Placement and toe-in

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Placement and toe-in

Postby Graz on Tue Aug 23, 2011 10:59 pm

How much - if any - do you use?

Picture links would be interesting... :mrgreen:

Curious - Graz
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Re: Placement and toe-in

Postby Vansloneker on Mon Aug 29, 2011 7:35 pm

Nobody has something to say about toe in?

This topic inspired me to do some testing. I always had about 0.5cm or 1/5 inch toe in, mainly because the speakers visually would look better. So I tried 1cm or 2/5 inch toe in. This was definitely not better. Now I changed to no toe in. I like it that way. Only once, with the old tweeters still in the Centaurs, I had them turned in seriously about 5cm or 2 inch and that moment enjoyed it. Only then.

An issue I have right now, the music sounds great and unrestrained on my dining table about 5,75m or 19 foot away from the speakers, but I have problems finding the magic in the listening seat.

The centaurs now are 1.43m from the rear wall and 2.05m apart measured on the inside edges.
poor guy
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Re: Placement and toe-in

Postby Vansloneker on Mon Sep 05, 2011 12:11 pm

While working on the setup of the speakers I changed the angle. I had calculated an angle so the center of the ribbon would point at the height of my ears. This wasn't satisfying and the spikes gave me problems positioning the speakers because they would make scratches on the tile the speakers are on. So I removed the spikes and put the speakers straight. Now that I positioned them I felt there had to be a little angle. So I refitted the spikes and adjusted the tilt to 4mm difference in the height of the spikes to begin with.

All this got me thinking, isn't it so that what goes for toe-in about reflections and acoustics, has to be rule for tilt of the speakers also?
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Re: Placement and toe-in

Postby JarreYuri on Mon Sep 05, 2011 9:57 pm

Vansloneker wrote:.......All this got me thinking, isn't it so that what goes for toe-in about reflections and acoustics, has to be rule for tilt of the speakers also?


Well not quite, as the longer the ribbon the lesser it spreads any sound vertically. That's the characteristics of a line source.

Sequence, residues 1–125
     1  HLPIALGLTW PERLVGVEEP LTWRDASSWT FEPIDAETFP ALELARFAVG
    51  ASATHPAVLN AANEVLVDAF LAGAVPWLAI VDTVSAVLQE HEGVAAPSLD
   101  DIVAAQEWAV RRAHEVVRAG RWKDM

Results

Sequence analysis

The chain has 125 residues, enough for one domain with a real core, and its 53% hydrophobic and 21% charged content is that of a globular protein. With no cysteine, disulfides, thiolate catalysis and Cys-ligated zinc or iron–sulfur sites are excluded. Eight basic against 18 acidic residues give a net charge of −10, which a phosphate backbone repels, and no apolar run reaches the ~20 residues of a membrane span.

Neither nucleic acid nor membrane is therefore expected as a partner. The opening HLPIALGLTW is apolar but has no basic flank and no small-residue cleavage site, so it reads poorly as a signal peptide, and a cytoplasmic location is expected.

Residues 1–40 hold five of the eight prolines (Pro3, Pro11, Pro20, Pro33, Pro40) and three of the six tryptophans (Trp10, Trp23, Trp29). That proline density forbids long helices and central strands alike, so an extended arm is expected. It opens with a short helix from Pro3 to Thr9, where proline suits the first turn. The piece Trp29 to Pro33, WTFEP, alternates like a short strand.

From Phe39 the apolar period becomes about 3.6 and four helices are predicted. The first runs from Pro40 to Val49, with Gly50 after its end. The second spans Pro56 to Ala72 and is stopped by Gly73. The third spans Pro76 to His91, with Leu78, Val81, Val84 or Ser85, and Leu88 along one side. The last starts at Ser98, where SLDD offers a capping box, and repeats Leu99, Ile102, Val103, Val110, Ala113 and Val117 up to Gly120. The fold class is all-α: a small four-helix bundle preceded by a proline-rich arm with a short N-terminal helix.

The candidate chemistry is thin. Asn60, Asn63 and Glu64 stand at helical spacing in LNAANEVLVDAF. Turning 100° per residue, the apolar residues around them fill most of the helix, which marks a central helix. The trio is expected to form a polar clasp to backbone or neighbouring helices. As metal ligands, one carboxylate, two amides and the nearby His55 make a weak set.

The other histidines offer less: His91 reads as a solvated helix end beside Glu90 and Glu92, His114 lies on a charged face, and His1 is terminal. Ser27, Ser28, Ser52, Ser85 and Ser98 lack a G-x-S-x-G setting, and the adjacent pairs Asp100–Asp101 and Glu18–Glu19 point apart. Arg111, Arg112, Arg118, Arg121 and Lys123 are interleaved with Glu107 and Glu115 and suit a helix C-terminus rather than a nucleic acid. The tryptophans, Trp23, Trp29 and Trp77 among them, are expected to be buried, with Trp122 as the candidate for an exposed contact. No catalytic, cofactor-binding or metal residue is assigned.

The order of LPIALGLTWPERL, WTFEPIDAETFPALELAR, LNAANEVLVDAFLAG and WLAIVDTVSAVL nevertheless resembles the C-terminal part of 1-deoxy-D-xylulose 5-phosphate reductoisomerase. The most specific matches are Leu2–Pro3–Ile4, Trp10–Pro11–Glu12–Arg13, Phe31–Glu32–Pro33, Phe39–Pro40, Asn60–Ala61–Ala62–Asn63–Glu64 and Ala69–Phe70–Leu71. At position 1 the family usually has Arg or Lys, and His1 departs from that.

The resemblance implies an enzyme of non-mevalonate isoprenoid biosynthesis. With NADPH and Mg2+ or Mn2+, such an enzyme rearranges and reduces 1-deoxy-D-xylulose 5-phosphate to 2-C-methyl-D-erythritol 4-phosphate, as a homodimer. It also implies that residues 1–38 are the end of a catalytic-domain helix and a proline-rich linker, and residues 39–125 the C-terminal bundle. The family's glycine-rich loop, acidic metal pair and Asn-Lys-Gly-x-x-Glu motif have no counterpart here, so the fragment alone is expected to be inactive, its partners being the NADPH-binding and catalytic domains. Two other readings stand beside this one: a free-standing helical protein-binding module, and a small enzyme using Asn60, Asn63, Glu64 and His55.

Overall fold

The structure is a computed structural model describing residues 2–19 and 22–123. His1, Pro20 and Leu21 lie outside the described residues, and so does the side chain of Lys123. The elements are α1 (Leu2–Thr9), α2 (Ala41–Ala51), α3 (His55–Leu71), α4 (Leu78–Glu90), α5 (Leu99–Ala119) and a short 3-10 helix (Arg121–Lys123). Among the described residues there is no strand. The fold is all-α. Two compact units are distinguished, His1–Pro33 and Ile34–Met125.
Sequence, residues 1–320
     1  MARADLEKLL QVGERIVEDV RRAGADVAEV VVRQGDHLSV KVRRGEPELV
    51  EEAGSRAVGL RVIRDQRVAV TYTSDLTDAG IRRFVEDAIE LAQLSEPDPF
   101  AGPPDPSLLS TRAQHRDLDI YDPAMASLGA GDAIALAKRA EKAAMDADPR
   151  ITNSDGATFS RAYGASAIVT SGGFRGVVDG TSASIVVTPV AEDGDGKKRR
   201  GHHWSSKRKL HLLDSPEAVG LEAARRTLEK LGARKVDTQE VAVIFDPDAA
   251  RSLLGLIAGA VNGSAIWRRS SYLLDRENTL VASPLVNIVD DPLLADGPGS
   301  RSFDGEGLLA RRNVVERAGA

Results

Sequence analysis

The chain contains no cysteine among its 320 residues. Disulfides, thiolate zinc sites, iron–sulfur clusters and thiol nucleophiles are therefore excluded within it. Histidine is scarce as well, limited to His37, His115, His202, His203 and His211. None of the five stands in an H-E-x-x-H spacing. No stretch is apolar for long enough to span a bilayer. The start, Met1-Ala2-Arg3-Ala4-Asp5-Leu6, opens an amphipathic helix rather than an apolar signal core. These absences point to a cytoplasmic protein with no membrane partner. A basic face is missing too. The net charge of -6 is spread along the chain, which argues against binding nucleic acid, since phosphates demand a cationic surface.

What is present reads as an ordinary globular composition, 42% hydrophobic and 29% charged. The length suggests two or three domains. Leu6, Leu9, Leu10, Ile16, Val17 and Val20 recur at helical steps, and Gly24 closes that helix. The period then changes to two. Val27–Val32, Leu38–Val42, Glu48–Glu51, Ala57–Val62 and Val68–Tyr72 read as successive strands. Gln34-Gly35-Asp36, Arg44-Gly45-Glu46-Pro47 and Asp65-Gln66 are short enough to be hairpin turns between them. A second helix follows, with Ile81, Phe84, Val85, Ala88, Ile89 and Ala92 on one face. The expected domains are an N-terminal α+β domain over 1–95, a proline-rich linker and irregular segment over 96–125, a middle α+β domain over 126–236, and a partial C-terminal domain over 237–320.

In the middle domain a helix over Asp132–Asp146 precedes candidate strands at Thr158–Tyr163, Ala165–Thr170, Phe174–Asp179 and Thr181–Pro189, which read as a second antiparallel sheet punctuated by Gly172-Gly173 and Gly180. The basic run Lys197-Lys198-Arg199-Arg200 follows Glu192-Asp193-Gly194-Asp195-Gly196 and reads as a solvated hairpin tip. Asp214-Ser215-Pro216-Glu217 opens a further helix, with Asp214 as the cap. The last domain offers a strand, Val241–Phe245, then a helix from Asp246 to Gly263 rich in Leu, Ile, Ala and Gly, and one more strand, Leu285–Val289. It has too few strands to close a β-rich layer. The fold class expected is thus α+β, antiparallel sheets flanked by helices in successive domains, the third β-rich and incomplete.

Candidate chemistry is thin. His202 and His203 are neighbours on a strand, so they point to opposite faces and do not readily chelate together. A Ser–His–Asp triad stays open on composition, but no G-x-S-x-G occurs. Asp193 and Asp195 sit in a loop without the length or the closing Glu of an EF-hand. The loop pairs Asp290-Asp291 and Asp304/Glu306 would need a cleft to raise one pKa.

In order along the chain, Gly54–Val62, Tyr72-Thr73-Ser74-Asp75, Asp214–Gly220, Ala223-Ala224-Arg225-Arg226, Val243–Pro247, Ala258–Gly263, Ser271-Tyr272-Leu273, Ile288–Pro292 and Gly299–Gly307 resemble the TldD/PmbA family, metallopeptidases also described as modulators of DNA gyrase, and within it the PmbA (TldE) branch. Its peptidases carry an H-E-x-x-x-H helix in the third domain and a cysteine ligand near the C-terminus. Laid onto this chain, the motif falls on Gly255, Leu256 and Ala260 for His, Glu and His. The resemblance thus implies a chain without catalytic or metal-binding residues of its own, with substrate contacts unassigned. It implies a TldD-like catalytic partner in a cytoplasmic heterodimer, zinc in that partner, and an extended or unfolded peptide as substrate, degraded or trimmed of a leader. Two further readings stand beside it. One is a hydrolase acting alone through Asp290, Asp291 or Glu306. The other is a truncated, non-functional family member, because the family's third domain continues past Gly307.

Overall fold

Take a 1 inch dome for an example. It spreads equally all around.
The larger the transducer the lesser it will spread in the higher regions of the sound spectrum.
If You tried to reproduce high frequencies from the bass membrane of an Apogee planar, it would be QUITE beaming and You would not hear any treble unless sitting in front of it. The membrane would be too wide.

Now take a long ribbon. It is narrow so it will spread horizontally very good but vertically very poor.
In this case it would therefore not spread any high frequencies towards the ceiling nor the floor. ;) And thus no reflections to talk about.
Well maybe some but very very little. :lol:
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Re: Placement and toe-in

Postby Vansloneker on Tue Sep 06, 2011 5:37 am

Thanks, Jarre.
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Re: Placement and toe-in

Postby Graz on Tue Sep 06, 2011 7:55 am

Comparisons between hybrids and panels seem to show most use the hybrids with significant toe-in, and I heve personally enjoyed the Centaur speakers this way, as well as the Perigee hybrids. The full panel speakers seem to like the flatter aspect to the wall for reflections to not be muddled...

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Re: Placement and toe-in

Postby Vansloneker on Tue Sep 06, 2011 7:43 pm

Well I tried again with 1, 2 and 3 inch but it's not working for me, at least not at this moment. 1 inch is the most acceptable. With more toe-in the vocals, which are usually centered, are stronger. But the instruments loose appearance. And most of all, what I would call 'air' goes away. It's like listening to ordinary speakers.
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Re: Placement and toe-in

Postby Vansloneker on Thu Sep 15, 2011 5:36 pm

Latest changes to the position worked out good. No toe-in, little tilt, measured and remeasured all distances to equal them.
I had guests for the weekend, and the first thing in the morning they did was turn on the music. Good sign!
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Re: Placement and toe-in

Postby BobM on Tue Sep 27, 2011 4:52 pm

I found with my Calipers that near-flat was best. Toeing in by 1-2-3 inches is too big of a change. Try 1/4" at a time. Small changes make big differences here.